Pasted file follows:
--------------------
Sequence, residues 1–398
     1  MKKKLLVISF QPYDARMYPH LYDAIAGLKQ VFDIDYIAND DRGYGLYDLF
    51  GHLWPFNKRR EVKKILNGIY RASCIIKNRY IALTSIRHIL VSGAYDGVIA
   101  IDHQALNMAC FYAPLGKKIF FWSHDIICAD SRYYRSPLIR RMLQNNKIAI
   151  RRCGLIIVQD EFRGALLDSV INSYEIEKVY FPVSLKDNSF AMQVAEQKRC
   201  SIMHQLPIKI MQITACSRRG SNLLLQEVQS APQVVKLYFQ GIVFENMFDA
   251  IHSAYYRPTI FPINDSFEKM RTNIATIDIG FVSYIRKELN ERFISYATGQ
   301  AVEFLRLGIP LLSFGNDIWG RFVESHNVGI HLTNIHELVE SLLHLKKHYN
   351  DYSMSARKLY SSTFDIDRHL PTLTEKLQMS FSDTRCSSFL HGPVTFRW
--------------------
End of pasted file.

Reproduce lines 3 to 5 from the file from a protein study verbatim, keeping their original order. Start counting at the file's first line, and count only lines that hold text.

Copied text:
    51  GHLWPFNKRR EVKKILNGIY RASCIIKNRY IALTSIRHIL VSGAYDGVIA
   101  IDHQALNMAC FYAPLGKKIF FWSHDIICAD SRYYRSPLIR RMLQNNKIAI
   151  RRCGLIIVQD EFRGALLDSV INSYEIEKVY FPVSLKDNSF AMQVAEQKRC